Invisible community's silent protest on NH 24

Residents of NCR's unauthorised colony stage unusual dharna to press for basic amenities

ridhima

Ridhima Kumar | April 9, 2015 | New Delhi




Travelling during office hours on National Highway 24, linking Delhi and the NCR town of Ghaziabad in Uttar Pradesh, is a hell-like experience. The traffic moves at a snail’s pace during peak hours. Traffic snarls, 10-15 minute long traffic lights, and stray incidents of road rage greet me every morning as I rush to office. Today, however, as I was chasing time to reach office, I was greeted with an unusual sight at the traffic junction of the Delhi-UP border.

With placards in hands, many people were standing in a symmetric line on the pavement. They were wearing caps of the Aam Aadmi Party (AAP). Amused, I rolled down my window to get a better look. For the first time I thanked god when the light turned red as it offered me an opportunity to click a few pictures of this unusual sight. It seemed like a silent protest against something. After reading their placards I realised that these people are from the Khora Colony demanding civic amenities in their area.

Khora Colony is an unauthorised colony in Uttar Pradesh. It lies just opposite the new and emerging township in Indirapuram. On one side of the NH 24 are tall buildings which boast of fancy club houses and facilities, while on the other side is a neglected and forgotten colony called Khora. This colony serves as a lifeline to most of the posh societies located across the road, as it houses people like maids, drivers, and watchmen without whom an urban Indian house cannot survive. Yet, the people who are our biggest support system are neglected and do not even have basic amenities in their area.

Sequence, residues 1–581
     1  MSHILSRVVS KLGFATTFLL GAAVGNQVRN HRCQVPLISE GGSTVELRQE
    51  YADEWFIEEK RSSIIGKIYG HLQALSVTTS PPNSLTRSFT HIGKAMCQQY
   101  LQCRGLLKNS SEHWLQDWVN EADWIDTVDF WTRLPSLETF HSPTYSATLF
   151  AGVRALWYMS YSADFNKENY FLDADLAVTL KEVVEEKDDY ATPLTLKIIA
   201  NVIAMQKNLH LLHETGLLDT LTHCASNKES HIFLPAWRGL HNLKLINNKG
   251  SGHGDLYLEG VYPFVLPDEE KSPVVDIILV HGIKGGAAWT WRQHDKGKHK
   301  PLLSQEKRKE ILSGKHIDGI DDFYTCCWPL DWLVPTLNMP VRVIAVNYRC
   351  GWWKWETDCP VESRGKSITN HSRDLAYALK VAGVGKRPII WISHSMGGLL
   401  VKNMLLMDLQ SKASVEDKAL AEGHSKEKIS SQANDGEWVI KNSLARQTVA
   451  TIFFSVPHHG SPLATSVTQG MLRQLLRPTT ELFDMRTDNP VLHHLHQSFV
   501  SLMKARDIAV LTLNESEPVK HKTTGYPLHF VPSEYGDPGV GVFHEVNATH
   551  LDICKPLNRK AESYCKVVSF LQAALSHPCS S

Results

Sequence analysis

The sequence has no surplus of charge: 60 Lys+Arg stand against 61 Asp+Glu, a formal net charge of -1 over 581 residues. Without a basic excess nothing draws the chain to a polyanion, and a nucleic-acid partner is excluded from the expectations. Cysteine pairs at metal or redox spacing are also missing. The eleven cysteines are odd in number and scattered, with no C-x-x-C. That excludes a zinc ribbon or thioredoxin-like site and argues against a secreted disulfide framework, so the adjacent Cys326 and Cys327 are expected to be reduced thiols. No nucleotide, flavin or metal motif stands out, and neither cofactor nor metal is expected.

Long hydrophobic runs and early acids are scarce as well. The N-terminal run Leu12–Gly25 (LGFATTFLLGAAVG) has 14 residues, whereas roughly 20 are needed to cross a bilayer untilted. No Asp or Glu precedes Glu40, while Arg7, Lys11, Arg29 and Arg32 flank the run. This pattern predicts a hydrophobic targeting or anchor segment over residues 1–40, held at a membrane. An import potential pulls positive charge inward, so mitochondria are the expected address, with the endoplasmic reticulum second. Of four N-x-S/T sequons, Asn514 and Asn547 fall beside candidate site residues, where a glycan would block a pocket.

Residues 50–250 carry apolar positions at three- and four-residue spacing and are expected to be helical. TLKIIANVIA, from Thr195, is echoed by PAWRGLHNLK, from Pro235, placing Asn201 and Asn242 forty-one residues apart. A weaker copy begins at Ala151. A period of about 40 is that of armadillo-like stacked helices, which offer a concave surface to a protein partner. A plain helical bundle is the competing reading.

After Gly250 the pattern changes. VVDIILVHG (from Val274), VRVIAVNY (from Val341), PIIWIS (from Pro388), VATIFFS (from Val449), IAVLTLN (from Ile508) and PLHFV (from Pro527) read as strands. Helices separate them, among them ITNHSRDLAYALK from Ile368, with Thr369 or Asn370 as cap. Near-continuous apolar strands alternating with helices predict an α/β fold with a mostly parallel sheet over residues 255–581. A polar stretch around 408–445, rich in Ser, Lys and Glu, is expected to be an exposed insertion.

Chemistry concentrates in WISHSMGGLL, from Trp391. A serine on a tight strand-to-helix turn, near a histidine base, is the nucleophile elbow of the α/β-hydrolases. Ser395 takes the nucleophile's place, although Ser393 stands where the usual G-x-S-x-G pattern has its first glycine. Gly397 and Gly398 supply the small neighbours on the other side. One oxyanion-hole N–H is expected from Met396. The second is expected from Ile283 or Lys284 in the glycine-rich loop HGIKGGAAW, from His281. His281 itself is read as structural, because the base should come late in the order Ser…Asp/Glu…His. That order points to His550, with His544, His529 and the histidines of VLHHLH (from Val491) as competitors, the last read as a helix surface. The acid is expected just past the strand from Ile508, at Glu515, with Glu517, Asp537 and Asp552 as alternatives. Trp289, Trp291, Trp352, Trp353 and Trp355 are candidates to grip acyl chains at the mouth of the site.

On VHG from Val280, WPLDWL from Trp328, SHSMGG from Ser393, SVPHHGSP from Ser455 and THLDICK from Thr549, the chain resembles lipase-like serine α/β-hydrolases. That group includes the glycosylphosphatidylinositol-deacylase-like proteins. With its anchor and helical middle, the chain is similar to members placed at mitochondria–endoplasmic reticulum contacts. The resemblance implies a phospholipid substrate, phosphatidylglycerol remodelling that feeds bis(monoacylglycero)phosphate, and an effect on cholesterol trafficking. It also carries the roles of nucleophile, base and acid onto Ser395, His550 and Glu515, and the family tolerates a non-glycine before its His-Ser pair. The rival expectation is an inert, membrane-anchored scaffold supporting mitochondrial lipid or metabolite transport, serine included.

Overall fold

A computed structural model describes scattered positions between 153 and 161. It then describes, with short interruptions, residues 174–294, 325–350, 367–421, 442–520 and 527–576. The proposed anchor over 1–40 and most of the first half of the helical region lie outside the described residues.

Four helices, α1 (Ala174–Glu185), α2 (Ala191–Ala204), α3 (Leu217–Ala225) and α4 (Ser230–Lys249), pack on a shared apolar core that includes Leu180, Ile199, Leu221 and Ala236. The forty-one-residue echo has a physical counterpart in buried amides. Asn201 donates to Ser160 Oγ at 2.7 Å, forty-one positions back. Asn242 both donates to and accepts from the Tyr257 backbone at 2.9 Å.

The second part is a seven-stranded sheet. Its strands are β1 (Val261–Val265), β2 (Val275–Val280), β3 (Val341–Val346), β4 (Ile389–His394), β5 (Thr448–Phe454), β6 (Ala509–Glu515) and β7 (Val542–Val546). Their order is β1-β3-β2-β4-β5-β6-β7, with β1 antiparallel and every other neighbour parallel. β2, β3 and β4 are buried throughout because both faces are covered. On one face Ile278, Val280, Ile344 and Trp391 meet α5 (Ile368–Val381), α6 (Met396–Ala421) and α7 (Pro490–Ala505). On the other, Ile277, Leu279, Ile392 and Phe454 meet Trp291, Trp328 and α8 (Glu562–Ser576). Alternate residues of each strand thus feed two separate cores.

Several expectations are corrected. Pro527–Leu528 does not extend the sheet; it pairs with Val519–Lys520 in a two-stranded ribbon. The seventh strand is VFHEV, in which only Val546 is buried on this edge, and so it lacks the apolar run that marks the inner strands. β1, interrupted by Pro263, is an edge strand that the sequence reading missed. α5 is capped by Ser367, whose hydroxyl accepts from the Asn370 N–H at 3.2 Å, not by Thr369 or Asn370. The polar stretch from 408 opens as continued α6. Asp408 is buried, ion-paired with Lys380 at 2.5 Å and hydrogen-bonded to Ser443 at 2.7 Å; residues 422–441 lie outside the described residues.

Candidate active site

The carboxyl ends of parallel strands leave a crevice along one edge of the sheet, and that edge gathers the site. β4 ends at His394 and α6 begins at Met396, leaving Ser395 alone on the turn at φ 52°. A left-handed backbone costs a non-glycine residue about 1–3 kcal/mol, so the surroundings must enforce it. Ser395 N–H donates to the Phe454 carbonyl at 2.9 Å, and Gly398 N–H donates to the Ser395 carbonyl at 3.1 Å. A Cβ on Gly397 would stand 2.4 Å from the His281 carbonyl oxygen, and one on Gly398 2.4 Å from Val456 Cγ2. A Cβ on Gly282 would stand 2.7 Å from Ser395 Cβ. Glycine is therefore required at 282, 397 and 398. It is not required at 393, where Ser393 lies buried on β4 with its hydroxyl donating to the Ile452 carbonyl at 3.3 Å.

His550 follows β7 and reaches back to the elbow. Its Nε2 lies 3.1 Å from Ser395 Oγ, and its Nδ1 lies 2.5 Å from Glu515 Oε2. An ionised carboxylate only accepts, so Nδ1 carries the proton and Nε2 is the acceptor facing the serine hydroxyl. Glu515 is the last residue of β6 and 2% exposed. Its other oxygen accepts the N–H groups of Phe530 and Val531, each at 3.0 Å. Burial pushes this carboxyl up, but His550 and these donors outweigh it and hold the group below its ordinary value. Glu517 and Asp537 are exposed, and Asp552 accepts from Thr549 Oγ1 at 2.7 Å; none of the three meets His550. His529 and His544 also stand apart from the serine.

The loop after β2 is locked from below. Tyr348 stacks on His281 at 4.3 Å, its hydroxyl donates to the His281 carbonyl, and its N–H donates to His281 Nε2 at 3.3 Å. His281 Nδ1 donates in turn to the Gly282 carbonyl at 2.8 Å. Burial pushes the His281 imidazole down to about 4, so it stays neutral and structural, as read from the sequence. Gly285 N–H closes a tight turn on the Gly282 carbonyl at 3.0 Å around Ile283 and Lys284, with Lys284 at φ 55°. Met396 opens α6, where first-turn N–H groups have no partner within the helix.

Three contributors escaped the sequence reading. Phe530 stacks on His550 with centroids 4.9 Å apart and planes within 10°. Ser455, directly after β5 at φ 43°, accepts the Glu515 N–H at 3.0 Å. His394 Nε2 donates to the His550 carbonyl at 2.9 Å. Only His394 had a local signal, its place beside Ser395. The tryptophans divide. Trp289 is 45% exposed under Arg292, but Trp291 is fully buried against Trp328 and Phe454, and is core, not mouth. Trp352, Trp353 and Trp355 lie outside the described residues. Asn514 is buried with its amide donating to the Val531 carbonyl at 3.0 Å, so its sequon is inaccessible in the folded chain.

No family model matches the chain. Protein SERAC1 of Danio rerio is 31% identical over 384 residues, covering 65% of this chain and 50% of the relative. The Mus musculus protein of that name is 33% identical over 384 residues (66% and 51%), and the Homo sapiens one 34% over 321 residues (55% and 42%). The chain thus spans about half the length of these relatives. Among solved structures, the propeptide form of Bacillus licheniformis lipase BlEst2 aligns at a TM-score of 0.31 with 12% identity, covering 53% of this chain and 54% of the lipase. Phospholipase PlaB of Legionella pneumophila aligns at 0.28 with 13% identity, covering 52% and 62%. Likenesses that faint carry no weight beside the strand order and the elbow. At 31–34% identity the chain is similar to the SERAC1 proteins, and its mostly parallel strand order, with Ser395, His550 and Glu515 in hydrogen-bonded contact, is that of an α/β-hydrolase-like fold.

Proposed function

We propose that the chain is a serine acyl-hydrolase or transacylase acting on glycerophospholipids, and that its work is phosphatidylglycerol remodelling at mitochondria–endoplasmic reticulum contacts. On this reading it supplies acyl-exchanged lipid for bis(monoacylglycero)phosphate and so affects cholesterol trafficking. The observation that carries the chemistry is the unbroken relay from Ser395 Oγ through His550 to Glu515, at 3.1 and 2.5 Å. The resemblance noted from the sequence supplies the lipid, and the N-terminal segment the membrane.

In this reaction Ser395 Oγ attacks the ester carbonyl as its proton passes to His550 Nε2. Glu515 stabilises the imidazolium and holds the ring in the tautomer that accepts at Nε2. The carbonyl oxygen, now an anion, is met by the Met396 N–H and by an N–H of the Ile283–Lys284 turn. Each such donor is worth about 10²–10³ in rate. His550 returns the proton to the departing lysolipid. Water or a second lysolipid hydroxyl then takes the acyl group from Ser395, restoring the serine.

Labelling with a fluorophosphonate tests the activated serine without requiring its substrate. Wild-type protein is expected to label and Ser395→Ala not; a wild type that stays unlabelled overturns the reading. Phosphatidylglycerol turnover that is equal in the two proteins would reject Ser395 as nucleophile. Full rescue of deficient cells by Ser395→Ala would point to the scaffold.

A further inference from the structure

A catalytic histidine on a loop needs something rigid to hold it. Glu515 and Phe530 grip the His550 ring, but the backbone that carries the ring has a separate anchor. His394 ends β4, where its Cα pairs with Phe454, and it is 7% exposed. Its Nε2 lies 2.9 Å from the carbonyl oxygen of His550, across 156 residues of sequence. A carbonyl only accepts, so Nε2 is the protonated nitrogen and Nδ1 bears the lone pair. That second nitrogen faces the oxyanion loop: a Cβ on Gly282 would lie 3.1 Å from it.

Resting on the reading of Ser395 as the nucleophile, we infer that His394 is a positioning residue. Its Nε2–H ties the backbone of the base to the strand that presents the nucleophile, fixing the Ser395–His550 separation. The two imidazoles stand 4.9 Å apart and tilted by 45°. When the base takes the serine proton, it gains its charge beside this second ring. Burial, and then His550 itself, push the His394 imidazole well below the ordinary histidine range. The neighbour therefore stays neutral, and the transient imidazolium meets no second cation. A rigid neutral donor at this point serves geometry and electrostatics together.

Coming back to the silent protest, these men and women, most probably AAP supporters (as suggested by their caps), were staging protest against the Uttar Pradesh government. Their demands? Simple basic amenities which we (the middle class) often take for granted.


As their placards suggested the residents of the Khora Colony wanted a proper school in their area. The residents don’t even have a post office, a hospital or even a basic dustbin in their area. They were also demanding proper sanitation facilities and access to clean drinking water. Their demands made me think of my maid, who every other day complains that her son is having some stomach problem. As a temporary solution we offered her to take some clean RO water to her home in the evening. But of course this is not a permanent solution to her problem, or to people living in that area. In short, the people were demanding a municipal corporation for their colony which can look after their needs.

As I was about to get down out of my car to inquire more about the protest, the light turned green and the sound of honking almost deafened me. I started my car and drove away hoping their voices would reach the authorities.
 

 

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